ACT’s first play was, as playwright Arthur Kopit described it, “a pseudoclassical tragifarce in the bastard French tradition.” Oh Dad, Poor Dad, Mama's Hung You in the Closet and I'm Feeling So Sad opened on June 29, 1965, filling a niche in the Seattle market. ACT (A Contemporary Theatre) founder Gregory Falls believed Seattle needed an alternative to the Seattle Repertory Theatre, which emphasized the classics. Seattle also needed a summer theater season. ACT immediately thrived on producing plays that addressed racial, political and cultural themes. This, they continue today. As they state, ACT is there, under artistic director Kurt Beattie and executive director Gian-Carlo Scandiuzzi, “serving a population of curious-open-minded and brave audiences.”
Their 2013 season highlights this, with a world premiere of Assisted Living by Katie Forgette and an American premiere of Sugar Daddies by Alan Ayckbourn (who also directed the show). Other recent productions at ACT In the Next Room, or the vibrator play by Sarah Ruhl, The Lieutenant of Inishmore by Martin McDonagh, Rock 'n' Roll by Tom Stoppard and The Underpants by Steve Martin.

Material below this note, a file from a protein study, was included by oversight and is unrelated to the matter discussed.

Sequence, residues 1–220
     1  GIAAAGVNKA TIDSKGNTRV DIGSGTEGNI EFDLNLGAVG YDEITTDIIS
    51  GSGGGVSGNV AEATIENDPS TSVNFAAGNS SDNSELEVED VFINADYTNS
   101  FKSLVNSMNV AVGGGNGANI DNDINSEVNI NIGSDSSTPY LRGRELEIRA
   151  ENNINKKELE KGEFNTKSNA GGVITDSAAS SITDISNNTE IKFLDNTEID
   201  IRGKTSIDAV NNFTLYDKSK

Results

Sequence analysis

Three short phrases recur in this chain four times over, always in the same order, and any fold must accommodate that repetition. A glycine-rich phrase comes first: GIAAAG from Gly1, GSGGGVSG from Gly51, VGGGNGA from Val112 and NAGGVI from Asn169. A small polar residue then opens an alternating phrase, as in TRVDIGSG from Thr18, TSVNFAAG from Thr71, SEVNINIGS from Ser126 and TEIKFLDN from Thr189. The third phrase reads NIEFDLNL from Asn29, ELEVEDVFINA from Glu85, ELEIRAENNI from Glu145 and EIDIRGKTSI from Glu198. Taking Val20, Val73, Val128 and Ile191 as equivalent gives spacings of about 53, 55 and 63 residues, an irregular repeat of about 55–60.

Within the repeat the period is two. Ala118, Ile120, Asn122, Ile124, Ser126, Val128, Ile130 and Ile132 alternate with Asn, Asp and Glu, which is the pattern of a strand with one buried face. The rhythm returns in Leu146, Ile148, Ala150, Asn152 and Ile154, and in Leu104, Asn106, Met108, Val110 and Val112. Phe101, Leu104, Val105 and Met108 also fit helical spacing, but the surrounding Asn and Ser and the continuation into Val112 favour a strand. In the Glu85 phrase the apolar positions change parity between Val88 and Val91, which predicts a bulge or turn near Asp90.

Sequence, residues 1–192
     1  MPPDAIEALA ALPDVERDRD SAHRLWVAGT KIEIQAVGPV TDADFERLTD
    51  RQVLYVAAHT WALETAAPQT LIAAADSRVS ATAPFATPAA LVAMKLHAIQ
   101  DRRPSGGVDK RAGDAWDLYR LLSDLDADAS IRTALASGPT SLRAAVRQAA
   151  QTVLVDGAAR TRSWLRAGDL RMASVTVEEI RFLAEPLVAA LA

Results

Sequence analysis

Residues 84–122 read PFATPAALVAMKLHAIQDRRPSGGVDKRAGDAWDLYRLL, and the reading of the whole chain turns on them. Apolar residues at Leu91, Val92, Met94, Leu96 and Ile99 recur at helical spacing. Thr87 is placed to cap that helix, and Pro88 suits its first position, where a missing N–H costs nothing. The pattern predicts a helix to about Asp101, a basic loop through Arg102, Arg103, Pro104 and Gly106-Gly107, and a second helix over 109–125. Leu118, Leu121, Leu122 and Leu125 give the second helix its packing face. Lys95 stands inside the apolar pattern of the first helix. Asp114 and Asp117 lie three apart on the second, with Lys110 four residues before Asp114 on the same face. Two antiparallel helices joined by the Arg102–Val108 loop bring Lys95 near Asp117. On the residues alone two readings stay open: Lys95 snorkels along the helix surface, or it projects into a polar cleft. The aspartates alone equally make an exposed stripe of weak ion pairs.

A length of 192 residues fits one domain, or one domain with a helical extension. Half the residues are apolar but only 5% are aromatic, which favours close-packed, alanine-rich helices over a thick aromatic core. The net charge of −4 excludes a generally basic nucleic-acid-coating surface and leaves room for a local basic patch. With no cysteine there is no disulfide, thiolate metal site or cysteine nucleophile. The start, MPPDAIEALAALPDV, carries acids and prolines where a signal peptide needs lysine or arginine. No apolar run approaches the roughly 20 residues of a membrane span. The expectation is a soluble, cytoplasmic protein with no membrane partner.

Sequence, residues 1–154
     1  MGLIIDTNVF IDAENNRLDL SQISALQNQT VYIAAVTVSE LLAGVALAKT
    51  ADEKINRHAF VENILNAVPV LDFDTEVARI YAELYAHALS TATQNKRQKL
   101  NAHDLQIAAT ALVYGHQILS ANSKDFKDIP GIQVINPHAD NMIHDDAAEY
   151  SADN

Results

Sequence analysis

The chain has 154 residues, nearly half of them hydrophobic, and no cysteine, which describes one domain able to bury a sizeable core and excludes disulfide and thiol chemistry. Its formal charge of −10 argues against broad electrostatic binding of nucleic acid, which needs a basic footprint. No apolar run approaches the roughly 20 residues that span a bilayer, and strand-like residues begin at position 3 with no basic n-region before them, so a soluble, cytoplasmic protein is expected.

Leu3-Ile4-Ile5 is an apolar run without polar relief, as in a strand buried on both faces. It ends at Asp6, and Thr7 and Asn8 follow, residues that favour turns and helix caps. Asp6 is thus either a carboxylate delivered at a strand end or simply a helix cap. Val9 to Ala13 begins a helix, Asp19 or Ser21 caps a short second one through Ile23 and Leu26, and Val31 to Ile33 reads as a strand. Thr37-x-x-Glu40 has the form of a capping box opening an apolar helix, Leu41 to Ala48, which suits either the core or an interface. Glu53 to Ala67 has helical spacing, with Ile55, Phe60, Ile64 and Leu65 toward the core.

ACT, with a history of engaging the community for over 40 years, does this with more than simply putting on award-winning productions on their stages at Kreielsheimer Place, downtown. Their Young Playwrights Program, ACT’s flagship education program, sends professional playwright teaching artists into area schools to teach the basics of playwritings to students. This culminates every March with the Young Playwrights Festival showcasing some of the best from their program, allowing select students to see their playwriting come to life with the help of professional theater artists.
For more information about the theater, its season and its programs, please visit www.acttheatre.org.